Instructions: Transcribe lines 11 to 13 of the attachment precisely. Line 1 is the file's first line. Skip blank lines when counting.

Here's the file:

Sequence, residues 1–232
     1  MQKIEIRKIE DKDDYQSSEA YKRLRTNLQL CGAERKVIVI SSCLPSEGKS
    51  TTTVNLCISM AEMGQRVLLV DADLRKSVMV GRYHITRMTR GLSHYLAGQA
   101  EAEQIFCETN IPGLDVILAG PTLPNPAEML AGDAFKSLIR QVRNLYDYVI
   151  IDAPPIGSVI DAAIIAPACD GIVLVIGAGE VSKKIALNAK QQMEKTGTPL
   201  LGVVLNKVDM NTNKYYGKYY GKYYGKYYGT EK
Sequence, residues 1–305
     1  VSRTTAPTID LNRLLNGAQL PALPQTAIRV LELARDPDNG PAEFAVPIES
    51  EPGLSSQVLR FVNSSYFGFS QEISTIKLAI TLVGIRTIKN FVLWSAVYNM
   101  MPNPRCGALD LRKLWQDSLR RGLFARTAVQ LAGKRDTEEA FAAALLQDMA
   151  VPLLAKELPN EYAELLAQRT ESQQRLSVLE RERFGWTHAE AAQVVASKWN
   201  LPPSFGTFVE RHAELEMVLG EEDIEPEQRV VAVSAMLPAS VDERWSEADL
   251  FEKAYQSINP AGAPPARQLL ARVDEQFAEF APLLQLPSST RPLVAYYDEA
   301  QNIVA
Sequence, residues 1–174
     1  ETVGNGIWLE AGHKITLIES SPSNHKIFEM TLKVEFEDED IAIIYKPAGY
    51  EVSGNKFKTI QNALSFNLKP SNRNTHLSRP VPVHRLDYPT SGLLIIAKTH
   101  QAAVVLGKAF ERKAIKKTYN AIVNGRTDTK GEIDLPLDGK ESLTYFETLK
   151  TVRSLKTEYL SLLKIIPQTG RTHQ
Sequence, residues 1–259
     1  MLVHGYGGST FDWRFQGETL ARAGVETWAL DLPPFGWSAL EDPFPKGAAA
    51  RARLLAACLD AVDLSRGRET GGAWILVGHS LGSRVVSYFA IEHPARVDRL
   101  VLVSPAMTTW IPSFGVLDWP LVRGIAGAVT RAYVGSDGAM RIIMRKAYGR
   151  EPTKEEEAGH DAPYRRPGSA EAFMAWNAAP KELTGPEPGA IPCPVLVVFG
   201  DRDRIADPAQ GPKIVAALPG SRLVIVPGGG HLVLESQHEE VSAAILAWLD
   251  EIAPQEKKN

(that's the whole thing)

   151  VPLLAKELPN EYAELLAQRT ESQQRLSVLE RERFGWTHAE AAQVVASKWN
   201  LPPSFGTFVE RHAELEMVLG EEDIEPEQRV VAVSAMLPAS VDERWSEADL
   251  FEKAYQSINP AGAPPARQLL ARVDEQFAEF APLLQLPSST RPLVAYYDEA